Mercedes’ suppliers deliver components to the E Class production lines on a just in time basis and the doors, which are individually produced in a choice of interior colours and materials and with the new car buyer’s speaker system option fitted, arrive at the Mercedes factory in a four-hour time window.
Before taking the decision to invest in Flexi EURO’s Narrow Aisle’s client had been using a combination of counterbalance and reach trucks at its factory. The counterbalance machines were required to unload door components as they arrived at the site before reach trucks delivered the palletized loads to the 3.8 metre wide racking aisle. The Mercedes E Class door components were then delivered in tote boxes to the production line on a just-in-time basis. For this the company reverted to counterbalance trucks because the reach trucks were not capable of manoeuvring the loads around the relatively tight spaces at the line side.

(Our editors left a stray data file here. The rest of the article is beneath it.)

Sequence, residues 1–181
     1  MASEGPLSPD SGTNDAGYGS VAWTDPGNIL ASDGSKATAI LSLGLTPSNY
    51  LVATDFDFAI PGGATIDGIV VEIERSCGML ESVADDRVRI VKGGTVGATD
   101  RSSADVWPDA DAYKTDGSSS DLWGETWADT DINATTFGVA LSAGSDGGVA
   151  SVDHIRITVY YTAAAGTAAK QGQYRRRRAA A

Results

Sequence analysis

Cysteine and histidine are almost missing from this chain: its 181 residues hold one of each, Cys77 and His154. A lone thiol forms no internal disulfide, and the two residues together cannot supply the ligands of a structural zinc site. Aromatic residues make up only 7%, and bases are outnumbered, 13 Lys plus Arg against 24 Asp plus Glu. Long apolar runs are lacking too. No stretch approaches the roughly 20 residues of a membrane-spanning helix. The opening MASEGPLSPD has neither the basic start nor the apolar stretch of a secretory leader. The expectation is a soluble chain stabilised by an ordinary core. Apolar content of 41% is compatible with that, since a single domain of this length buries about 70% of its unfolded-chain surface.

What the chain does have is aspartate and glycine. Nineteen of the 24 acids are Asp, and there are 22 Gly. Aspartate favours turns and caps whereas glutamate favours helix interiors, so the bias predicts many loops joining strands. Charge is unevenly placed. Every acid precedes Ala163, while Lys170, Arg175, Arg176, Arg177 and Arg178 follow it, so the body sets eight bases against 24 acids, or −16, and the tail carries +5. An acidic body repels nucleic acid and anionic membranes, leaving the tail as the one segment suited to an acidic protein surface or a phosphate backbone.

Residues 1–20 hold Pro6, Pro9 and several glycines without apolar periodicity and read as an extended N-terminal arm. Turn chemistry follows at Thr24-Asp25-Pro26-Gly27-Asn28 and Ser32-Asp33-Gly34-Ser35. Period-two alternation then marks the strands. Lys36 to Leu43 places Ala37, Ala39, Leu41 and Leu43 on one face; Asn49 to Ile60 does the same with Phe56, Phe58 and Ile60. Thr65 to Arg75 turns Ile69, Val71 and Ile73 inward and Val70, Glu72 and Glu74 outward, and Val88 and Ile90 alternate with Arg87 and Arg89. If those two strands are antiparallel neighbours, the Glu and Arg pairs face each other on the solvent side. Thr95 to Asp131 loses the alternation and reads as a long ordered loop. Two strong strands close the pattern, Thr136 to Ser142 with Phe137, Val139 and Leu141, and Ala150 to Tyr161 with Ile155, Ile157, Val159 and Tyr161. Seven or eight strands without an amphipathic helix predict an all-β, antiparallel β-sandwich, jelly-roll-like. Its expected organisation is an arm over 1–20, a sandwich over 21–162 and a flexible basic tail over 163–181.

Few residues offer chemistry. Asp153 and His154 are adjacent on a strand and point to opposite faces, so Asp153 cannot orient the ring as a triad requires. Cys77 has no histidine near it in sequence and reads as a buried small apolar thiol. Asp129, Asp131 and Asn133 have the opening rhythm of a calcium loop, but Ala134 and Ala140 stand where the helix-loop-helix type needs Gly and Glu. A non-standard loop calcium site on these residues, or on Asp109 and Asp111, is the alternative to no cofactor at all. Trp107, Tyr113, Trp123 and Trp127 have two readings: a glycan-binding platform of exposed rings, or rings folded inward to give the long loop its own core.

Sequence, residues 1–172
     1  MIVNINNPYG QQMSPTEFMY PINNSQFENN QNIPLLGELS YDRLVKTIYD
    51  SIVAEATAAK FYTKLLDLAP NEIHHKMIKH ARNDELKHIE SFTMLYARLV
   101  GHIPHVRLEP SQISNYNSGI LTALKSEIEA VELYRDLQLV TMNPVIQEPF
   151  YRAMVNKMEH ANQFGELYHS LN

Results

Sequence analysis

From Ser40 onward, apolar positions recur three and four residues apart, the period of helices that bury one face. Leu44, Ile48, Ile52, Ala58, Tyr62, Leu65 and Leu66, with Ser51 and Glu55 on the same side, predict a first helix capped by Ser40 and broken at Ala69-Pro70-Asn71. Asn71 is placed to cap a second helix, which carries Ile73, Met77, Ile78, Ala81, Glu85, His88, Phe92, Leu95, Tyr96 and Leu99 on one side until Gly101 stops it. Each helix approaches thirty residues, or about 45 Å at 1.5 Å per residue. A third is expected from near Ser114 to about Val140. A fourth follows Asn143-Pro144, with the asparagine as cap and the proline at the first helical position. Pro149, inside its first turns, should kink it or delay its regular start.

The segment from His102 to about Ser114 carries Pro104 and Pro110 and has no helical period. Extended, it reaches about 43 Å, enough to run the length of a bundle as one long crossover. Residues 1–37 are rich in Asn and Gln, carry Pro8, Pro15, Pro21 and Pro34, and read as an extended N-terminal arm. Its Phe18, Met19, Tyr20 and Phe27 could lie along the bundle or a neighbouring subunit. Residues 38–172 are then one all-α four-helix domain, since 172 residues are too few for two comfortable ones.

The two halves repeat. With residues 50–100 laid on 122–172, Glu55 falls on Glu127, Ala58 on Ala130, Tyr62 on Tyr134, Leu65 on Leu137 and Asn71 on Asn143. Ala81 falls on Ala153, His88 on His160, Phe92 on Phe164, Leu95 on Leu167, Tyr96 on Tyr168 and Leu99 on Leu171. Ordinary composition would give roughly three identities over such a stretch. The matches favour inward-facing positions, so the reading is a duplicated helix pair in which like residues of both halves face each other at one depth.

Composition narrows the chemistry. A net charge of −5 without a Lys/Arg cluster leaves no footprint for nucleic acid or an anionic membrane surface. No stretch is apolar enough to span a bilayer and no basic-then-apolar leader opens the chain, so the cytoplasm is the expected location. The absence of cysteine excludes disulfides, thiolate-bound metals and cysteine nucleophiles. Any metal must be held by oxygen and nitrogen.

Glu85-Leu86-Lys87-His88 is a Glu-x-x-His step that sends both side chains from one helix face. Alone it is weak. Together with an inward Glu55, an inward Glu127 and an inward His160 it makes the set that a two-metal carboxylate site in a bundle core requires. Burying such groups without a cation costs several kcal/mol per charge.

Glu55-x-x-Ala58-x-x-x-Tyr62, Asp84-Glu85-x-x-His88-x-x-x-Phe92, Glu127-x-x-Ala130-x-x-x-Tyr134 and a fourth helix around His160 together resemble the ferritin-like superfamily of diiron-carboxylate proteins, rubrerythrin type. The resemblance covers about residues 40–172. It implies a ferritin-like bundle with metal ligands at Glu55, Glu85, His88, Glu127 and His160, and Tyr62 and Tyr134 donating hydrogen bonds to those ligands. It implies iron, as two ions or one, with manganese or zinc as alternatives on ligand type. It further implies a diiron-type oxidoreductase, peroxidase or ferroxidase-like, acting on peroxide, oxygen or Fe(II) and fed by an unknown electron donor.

Because of the Flexi EURO’s compact dimensions and ability to work both inside within the aisleways and outside to unload in-coming deliveries of door components, Narrow Aisle’s client is now using articulated trucks to do the work that previously required both counterbalance and reach trucks. This has led to a significant reduction in forklift fleet operating costs.
Furthermore, thanks to the Flexi EURO’s ability to work in aisles as narrow as 1642mm wide (with a Euro pallet) or 1762mm wide (with an ISO pallet), the company has been able to reconfigure its lineside buffer store. By significantly reducing the aisle widths between the pallet racking in the store from their original width of 3.8 metres, the company has increased its pallet capacity dramatically, which means that more components can be held on site.
But it’s not just as an alternative to the old reach/counterbalanced combination that users are turning to the articulated truck. Other manufacturers are choosing the Flexi to replace stacker trucks in smaller warehouses and within production stores.
For instance, Heidelberg – the world’s leading printing machine manufacturer – has introduced Flexi EURO trucks at its plant in Germany.